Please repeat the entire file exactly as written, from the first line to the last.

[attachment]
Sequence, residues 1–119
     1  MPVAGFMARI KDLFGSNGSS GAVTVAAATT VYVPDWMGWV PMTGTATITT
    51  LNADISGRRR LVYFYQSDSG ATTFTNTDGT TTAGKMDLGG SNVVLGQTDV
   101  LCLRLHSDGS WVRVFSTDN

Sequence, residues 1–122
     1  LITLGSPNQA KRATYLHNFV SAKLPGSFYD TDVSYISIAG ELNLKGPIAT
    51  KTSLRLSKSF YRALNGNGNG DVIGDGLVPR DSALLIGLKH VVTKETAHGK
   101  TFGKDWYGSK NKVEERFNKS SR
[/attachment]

Sequence, residues 1–119
     1  MPVAGFMARI KDLFGSNGSS GAVTVAAATT VYVPDWMGWV PMTGTATITT
    51  LNADISGRRR LVYFYQSDSG ATTFTNTDGT TTAGKMDLGG SNVVLGQTDV
   101  LCLRLHSDGS WVRVFSTDN

Sequence, residues 1–122
     1  LITLGSPNQA KRATYLHNFV SAKLPGSFYD TDVSYISIAG ELNLKGPIAT
    51  KTSLRLSKSF YRALNGNGNG DVIGDGLVPR DSALLIGLKH VVTKETAHGK
   101  TFGKDWYGSK NKVEERFNKS SR